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NotEs 1

our gratitude to Anne McCauley, David Hunter McAlpin Professor of the History of Photography and Modern Art, Princeton University, who visited Worcester in spring 2015, and encouraged us to re-examine Jean simpson in Profile’s designation as a carbro print.

2

our gratitude to Paul Messier, Head of the lens Media lab, institute for the Preservation of Cultural Heritage, yale University and President and Head Conservator, Paul Messier llC, for his assistance analyzing Jean simpson in Profile, and in particular, for suggesting that the slight sheen and fine craquelure pattern observed likely was the result of the print being made on Japine paper rather than the presence of an additional coating or process. in her essay, “Noble Metals for the Early Modern Era: Platinum, silver-Platinum, and Palladium Prints,” Constance McCabe writes that the Platinotype Company described Japine paper in one advertisement as providing “half glossy ‘egg shell’ surface met in some carbon prints.” it was perhaps this surface quality that led previous WAM curators to identify Jean simpson in Profile as a carbro print. Constance McCabe, “Noble Metals for the Early Modern Era: Platinum, silver-Platinum, and Palladium Prints,” in Mitra Abbaspour, lee Ann Daffner, and Maria Morris Hambourg, eds., object: Photo. Modern Photographs: the thomas Walther Collection 1909–1949. An online Project of the Museum of Modern Art (New york: the Museum of Modern Art, 2014), http://www.moma.org/interactives/objectphoto/assets/ essays/McCabe.pdf. the analytical work on Japine paper by Ms. McCabe and her colleagues is discussed in: Matthew l. Clarke, Constance McCabe, and Christopher Maines, “Unraveling the modified surface of the photographic paper ‘Japine,’” Analytical Methods 6 (2014): 147–155.

3

A carbro print is made by layering two to three sheets of carbon tissue on a substrate. Each carbon tissue is pigmented and deposits a colored gelatin onto the surface. the image is formed by a chemical reaction between the silver of the bromide print and the pigmented tissue.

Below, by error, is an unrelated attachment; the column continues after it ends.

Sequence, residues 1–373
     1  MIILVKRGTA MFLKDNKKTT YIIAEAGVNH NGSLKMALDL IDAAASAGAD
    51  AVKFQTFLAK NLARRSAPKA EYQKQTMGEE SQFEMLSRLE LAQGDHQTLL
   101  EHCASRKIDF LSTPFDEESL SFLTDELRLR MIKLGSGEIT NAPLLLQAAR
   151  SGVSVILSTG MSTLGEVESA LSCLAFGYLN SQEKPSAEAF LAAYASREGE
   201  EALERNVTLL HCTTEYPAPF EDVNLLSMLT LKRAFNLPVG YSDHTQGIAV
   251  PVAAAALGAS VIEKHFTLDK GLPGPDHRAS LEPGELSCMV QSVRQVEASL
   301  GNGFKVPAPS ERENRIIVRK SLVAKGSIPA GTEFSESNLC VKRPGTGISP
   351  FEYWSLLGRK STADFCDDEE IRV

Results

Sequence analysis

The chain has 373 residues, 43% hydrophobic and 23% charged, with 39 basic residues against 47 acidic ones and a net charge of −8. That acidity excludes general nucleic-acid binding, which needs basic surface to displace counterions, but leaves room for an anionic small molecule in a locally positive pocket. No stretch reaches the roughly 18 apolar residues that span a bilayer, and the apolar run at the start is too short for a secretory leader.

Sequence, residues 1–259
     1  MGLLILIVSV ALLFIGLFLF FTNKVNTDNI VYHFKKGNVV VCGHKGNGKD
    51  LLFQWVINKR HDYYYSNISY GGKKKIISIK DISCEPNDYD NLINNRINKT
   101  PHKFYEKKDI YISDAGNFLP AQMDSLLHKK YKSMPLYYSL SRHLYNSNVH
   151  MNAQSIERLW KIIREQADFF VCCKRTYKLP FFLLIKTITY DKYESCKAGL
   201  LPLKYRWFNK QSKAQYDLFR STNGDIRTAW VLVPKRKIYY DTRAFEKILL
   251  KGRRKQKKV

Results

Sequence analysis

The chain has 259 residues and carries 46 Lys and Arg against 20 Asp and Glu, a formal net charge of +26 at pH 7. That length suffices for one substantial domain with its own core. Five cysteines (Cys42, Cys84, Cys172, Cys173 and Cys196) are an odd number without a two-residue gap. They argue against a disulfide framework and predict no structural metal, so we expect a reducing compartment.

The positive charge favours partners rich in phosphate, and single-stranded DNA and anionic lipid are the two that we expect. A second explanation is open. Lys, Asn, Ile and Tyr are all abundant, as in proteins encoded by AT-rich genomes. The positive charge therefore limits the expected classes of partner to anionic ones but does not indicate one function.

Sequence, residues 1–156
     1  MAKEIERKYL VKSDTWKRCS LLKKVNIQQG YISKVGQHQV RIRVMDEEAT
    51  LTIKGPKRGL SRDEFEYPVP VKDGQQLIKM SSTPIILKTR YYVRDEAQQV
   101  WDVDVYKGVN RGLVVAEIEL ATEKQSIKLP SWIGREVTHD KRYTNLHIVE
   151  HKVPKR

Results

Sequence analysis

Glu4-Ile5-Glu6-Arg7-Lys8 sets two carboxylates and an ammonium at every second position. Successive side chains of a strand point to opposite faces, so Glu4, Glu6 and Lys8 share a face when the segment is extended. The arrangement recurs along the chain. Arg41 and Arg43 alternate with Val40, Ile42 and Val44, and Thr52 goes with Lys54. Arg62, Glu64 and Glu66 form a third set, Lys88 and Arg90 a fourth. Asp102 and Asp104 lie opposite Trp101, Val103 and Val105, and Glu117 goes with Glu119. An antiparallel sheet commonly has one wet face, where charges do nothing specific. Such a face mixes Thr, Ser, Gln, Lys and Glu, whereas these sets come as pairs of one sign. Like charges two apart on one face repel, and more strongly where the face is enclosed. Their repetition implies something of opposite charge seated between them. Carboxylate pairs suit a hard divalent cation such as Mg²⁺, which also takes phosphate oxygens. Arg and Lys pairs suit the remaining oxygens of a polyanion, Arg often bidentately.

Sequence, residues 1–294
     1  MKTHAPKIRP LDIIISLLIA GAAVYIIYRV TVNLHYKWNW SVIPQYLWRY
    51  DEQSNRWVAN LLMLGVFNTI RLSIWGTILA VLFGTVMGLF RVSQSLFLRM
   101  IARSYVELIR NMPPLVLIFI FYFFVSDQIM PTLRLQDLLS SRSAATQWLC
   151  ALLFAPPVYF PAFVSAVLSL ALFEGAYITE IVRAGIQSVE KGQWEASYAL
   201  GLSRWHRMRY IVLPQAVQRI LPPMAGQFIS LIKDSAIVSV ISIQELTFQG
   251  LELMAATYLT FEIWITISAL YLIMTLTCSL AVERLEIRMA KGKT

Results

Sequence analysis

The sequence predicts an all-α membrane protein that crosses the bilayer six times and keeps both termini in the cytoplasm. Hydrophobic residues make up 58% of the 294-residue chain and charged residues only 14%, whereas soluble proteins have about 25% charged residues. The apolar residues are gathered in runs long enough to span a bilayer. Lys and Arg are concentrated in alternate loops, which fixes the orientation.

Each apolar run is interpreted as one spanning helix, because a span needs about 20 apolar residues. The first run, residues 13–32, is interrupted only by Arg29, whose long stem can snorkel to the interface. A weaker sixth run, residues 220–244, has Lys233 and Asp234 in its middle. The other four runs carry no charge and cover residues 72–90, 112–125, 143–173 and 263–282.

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Both the smithsonian American Art and Worcester Jean simpson pictures extend to the edges of the sheet and are similar in dimension: 24.8 cm x 19.7 cm (smithsonian) and 25.3 cm x 20.1 cm (Worcester).

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Although it bears a different title, it is likely steichen is referring here to Moonrise, Mamaroneck, New york from 1904 in the collection of the Museum of Modern Art, New york. in MoMA Highlights: 350 Works from the Museum of Modern Art, New york, the photograph is described as having “reeds and grasses in the foreground” sketched by the artist, which would explain steichen’s reference to “greenish gum” in his letter to Alfred stieglitz cited above. Museum of Modern Art, New york, MoMA Highlights: 350 Works from the Museum of Modern Art, New york (New york: the Museum of Modern Art, 2013): 38.

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Cited in Dennis longfellow, steichen: the Master Prints 1895–1914 (New york: the Museum of Modern Art, 1978): 17. longfellow indicates that the initial source of the letter came from leaf 54 of the Alfred stieglitz Archive, the Beinecke rare Book and Manuscript library, yale University.

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Cyanotypes: Photography’s Blue Period  

Cyanotypes: Photography’s Blue Period Edited by Nancy Kathryn Burns, Assistant Curator of Prints, Drawings, and Photographs Kristina Wilson...

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